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Petition rehashes Clarkston conflicts

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According to an online petition, it isn’t too late for the public to weigh in on a controversial Clarkston City Council ruling made in January.

 Titled “Restore Checks and Balances to Clarkston”, the ActionNetwork.org-hosted petition—penned by Clarkston Mayor Ted Terry—outlines a number of grievances related to city charter amendments that shifted mayoral and council powers throughout 2016.

 The online petition was linked by the Clarkston Georgia Sentinel Facebook page on April 10. The Sentinel advertises itself as news and opinion about Clarkston. 

“Several years ago the city charter was changed to wrest power away from an accidental mayor,” the post states. “Our current mayor would like to see some powers returned to the mayor’s office. How do you feel about this issue?”

 The petition specifically references a five-hour Jan. 3 council meeting where the council voted to eliminate unilateral abilities held by Terry. The eliminated abilities include calling a special-called meeting, taking part in reviewing a budget outside of council or placing items on city council agendas without council’s support.

 The adopted charter also limits the mayor’s say in the city manager’s contract and compensation as well as his or her ability to investigate public figures and administrators, also known as ombudsman.

 While Terry vetoed the charter changes Jan. 4, the council voted to override his decision.

 “Over the last 12 months, there [have] been concerted efforts to relegate the only majority-elected position in the city of Clarkston, the mayor, to a ceremonial head,” the petition states. “In January, at a five hour city council meeting where 90 percent of residents who showed up voiced concern and objected to the unprecedented charter changes being made, the council voted to remove most of the authority remaining of the mayor position.”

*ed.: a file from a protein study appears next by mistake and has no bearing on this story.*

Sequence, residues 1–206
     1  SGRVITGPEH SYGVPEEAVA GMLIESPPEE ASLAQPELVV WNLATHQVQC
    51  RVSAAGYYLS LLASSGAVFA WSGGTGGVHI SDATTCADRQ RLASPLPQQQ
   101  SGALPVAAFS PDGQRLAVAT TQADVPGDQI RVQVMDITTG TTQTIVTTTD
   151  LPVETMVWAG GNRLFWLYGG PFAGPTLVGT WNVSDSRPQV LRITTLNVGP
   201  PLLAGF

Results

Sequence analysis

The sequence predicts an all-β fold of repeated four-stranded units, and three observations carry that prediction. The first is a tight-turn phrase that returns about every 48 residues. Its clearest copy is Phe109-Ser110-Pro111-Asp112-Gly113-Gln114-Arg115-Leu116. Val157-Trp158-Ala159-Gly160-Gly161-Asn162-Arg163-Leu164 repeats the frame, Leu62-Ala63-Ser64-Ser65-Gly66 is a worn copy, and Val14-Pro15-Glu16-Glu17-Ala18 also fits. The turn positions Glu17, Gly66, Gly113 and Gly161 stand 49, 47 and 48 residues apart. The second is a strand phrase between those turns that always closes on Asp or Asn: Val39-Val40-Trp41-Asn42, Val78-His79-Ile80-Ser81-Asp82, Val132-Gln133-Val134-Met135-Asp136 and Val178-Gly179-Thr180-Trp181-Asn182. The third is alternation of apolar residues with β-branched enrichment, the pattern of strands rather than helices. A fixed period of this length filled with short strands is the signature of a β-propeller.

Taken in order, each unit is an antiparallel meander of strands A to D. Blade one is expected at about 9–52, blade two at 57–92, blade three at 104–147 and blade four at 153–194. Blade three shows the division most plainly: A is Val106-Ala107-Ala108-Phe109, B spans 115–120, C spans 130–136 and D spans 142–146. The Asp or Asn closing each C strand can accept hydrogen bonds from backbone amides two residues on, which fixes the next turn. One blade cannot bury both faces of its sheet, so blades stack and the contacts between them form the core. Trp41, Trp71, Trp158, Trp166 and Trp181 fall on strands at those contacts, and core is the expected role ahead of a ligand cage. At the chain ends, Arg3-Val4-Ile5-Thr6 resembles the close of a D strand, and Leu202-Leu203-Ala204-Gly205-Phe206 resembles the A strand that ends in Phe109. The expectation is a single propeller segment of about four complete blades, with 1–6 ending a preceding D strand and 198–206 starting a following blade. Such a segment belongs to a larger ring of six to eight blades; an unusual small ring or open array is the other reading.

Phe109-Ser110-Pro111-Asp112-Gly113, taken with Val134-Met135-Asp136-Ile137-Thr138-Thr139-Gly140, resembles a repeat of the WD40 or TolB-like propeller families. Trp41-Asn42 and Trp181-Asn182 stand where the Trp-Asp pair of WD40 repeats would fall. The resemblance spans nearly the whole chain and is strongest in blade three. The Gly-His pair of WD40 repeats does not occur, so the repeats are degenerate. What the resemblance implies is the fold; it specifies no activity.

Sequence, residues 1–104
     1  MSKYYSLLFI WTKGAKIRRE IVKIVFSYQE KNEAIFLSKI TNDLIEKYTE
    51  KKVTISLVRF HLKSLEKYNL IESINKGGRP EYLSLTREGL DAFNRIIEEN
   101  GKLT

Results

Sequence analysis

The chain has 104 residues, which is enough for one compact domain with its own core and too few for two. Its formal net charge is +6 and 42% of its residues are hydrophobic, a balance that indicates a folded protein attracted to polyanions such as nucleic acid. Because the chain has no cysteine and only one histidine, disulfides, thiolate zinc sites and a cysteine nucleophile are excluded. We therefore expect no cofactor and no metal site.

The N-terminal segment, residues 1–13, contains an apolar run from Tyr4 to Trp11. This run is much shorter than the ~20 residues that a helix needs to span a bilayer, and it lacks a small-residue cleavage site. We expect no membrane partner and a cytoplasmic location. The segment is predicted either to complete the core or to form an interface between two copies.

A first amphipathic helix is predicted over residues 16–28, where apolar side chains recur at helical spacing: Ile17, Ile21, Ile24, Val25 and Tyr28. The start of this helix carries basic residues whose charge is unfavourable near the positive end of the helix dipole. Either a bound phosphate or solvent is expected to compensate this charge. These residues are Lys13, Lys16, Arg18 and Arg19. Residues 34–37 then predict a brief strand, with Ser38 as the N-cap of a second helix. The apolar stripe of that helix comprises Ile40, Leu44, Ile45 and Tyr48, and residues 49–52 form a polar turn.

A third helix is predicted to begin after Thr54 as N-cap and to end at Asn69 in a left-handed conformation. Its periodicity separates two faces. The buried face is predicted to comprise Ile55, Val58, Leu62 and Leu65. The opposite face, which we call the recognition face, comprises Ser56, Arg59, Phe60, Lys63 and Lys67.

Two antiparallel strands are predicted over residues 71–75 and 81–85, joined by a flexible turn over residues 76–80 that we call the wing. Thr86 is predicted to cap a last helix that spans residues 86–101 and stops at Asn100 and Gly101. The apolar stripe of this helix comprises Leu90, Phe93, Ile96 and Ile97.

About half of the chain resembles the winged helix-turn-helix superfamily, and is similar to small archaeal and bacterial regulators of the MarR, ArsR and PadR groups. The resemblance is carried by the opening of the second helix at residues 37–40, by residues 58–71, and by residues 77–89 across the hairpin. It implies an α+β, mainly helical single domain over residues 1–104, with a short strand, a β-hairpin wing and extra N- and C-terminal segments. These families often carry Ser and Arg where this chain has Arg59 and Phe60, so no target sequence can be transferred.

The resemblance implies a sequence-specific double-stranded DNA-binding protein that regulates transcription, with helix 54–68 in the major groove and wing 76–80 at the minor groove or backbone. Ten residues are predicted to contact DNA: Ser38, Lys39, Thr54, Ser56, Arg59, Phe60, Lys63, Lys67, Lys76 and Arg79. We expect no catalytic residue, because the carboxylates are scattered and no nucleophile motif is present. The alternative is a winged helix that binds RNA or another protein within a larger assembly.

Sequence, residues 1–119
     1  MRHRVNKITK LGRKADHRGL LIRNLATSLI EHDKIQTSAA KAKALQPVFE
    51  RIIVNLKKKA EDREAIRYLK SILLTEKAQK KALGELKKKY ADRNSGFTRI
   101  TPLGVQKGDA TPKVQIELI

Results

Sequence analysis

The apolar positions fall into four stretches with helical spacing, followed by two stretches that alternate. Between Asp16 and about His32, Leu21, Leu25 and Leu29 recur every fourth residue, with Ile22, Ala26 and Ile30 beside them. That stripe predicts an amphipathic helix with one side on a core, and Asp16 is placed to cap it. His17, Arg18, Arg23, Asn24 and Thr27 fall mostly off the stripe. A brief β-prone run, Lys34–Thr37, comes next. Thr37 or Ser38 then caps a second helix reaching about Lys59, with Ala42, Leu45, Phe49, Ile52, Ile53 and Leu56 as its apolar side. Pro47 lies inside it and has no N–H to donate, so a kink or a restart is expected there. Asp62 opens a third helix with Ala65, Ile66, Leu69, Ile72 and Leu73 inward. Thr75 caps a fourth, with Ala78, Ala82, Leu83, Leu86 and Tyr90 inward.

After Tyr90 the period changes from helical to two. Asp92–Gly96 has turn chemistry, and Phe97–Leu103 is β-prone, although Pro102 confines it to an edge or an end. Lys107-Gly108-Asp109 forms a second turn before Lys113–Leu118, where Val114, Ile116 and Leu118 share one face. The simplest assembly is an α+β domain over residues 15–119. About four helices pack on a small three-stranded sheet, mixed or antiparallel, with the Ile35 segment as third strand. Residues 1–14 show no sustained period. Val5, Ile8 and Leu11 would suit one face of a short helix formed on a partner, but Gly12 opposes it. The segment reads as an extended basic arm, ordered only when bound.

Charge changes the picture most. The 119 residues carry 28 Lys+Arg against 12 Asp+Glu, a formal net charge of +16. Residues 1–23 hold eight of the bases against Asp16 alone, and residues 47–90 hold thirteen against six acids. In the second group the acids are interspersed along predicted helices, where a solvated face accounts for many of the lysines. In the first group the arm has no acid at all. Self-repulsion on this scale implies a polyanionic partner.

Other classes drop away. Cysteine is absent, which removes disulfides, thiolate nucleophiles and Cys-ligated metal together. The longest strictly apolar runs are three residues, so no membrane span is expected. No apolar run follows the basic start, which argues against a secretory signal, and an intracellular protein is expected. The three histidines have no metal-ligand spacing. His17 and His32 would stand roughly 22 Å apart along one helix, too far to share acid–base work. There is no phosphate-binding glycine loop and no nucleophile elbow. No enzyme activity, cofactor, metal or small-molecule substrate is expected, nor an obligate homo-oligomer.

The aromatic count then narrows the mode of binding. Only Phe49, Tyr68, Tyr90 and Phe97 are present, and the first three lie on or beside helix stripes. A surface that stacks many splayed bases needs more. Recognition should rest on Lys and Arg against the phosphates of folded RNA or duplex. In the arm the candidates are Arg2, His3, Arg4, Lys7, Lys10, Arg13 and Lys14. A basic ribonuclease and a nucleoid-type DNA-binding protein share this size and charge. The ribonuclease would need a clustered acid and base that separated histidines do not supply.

The petition concludes with six proposed changes to Clarkston’s city charter: require the mayor to appoint the city manager and conduct an evaluation process on an annual basis; require the annual budget to be reviewed and submitted by the mayor with city manager input; require the agenda of the city council to be set and approved by the mayor; require a supermajority of five votes to override a veto; require the mayor to appoint committee chairs; and require the mayor to appoint city officers such as the city clerk, court clerk, city attorney, judge and solicitor.

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 “In each of these changes, the city council would be required to give final approval of every decision,” the petition concludes. “This provides a check and balance within the city of Clarkston’s charter.”

 According to councilman and vice mayor Dean Moore, the mayor’s ceremonial ambassador position is nothing new. He said the city amended its charter in 2010, where mismanagement by the mayor and council rendered the city nearly bankrupt.

 “Up until the charter change and hiring a city manager, there had been zero improvements to the city in years due to feuding personalities on council and the mayor’s [lack of training] in public administration,” Moore said. “Even the swimming pool had been condemned with no agreement on how to move forward. This current administration does not suffer their fate. To reverse the Charter to put the future success of Clarkston in the hands of one sounds…utterly unproductive as well as counterintuitive.”

 Moore said Terry was aware of the mayor’s role in Clarkston when he was elected in 2013. He said the council will continue working with the mayor and “continue to support good ideas that benefit the public, regardless of the origin.”

 “I think I’m correct in saying we have had a great year passing groundbreaking legislation,” Moore said.

 Terry said he penned the petition not to stir up controversy, but to start a conversation with Clarkston’s incoming charter review commission. He said many Clarkston residents didn’t know about the charter changes or what they meant for government in the city, but that they can have a say when the committee is formed.

 “Part of getting public comment is starting it yourself,” Terry said. “The people of Clarkston never got the chance to vote for the original charter change. What I’m trying to propose is more citizen involvement and to give the people of Clarkston a clearer voice in the matter of how their mayor is elected and how the balance of power exists. That’s all I’m asking for.”

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